A History of Violence: Why the Senate Report on CIA Torture Shouldn’t Surprise Humanists

On December 9 the United States Senate Intelligence Committee released an alarming report detailing the horrendous torture practices that the CIA used to interrogate individuals suspected of terrorism. TheHumanist.com’s Clay Farris Naff has already discussed the egregious and immoral nature of these appalling actions carried out by CIA operatives. What makes the truth revealed in this report even more terrifying, however, is viewing it within the larger history of torture practices in the United States.

Though the U.S. has long been a vocal proponent of human rights, it also has a history of carrying out inhumane practices against its opponents. As far back as 1898, during the Spanish-American War, the U.S. used the facetiously named “water cure” to torture Filipino insurgents. Even when U.S. forces haven’t actually engaged in torture practices themselves, they’ve taught them to the troops of unscrupulous regimes such as Jorge Videla’s Argentina and the Shah’s Iran. CIA training manuals from the past fifty years have included methods of extracting information from prisoners using both physical and psychological torture. The Senate Intelligence Committee’s report is horrific, but it represents only one instance in a long record of brutal acts inflicted upon human beings.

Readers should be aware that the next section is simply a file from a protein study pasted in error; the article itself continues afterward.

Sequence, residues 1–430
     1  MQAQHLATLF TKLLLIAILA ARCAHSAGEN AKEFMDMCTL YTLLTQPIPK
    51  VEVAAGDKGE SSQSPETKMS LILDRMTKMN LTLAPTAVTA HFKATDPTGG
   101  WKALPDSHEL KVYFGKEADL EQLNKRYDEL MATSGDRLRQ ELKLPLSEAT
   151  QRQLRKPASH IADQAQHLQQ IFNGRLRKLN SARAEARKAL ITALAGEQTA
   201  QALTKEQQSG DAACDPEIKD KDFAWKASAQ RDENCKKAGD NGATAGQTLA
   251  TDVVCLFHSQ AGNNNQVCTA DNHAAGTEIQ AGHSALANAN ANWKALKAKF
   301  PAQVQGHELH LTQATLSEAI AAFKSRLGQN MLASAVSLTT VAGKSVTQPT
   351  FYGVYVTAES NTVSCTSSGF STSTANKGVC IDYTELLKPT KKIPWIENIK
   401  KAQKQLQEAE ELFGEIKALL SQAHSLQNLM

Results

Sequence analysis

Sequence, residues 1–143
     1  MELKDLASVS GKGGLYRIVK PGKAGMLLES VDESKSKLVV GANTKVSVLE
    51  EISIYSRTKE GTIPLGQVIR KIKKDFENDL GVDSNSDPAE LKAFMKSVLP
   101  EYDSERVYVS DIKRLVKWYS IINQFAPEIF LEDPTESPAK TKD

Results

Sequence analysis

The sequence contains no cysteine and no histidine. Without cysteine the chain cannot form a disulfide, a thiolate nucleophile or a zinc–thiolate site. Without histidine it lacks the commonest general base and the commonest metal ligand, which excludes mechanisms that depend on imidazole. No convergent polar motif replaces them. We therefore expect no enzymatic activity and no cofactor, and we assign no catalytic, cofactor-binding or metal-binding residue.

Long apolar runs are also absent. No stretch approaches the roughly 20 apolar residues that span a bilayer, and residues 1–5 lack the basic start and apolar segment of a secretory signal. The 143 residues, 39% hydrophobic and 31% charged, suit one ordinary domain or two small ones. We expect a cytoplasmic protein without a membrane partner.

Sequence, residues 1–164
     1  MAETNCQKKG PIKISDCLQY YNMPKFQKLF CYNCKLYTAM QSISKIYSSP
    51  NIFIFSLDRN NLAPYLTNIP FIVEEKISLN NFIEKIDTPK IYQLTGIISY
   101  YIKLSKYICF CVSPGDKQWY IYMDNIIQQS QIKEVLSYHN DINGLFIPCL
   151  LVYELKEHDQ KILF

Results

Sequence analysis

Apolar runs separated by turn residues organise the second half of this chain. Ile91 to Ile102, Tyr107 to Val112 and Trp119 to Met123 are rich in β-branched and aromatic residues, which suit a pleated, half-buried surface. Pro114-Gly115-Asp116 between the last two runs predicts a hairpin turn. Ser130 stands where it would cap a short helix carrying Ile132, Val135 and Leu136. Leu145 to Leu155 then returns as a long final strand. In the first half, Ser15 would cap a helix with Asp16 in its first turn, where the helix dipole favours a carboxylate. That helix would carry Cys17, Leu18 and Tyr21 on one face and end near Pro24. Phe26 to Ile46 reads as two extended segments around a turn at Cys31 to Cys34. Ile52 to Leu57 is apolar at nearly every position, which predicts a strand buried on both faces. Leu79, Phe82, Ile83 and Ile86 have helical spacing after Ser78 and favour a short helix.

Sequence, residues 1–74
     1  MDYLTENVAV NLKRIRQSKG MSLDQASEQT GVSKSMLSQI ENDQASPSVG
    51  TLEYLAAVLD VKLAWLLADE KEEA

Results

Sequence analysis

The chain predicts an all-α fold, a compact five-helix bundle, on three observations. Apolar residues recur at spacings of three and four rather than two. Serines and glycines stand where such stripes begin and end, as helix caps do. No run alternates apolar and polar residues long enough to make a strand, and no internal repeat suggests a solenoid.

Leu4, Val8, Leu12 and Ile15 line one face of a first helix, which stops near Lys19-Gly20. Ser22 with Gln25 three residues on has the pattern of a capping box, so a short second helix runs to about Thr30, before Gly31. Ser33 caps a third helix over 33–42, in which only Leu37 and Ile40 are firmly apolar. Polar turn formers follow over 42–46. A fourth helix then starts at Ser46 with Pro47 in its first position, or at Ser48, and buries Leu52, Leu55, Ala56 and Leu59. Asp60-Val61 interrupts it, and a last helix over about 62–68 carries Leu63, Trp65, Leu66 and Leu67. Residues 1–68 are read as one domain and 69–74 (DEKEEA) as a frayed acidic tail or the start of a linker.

While much of the media attention surrounding the Senate report has focused on the “enhanced interrogation techniques” used during the Bush administration, there are many others who have watched and condemned our country’s abuse of prisoners for decades. The humanist movement, in particular, has a strong track record of raising awareness of torture and calling for the United States to cease imposing cruel and unusual punishments upon our foes. In 2009, after President Obama released CIA memos detailing torture techniques used by the Bush administration post-9/11, the Humanist published several articles that unequivocally condemned the practice. Since its founding, the American Humanist Association’s leadership has passed numerous resolutions in support of global human rights, calling for an end to torture practices. The AHA has also unwaveringly supported the United Nation’s Declaration of Human Rights, which states, “No one shall be subjected to torture or to cruel, inhuman or degrading treatment or punishment.” The philosophy of humanism, with its conviction that all human lives have worth and deserve dignity, stands in stark contrast to the dehumanization necessary to expose a person to such extreme pain and suffering.

When the CIA’s torture practices detailed in the Senate report are viewed as just one more instance of the United States inflicting cruel and unusual punishment upon individuals, anyone who supports human rights and dignity should be compelled to speak out. With the CIA engaging in acts of torture for decades, a loud and insistent outcry against such ruthlessness from American citizens is necessary to stop these human rights violations. These acts are just part of the larger history of violence that the CIA has been participating in. Let’s make sure that this history does not also become our future.

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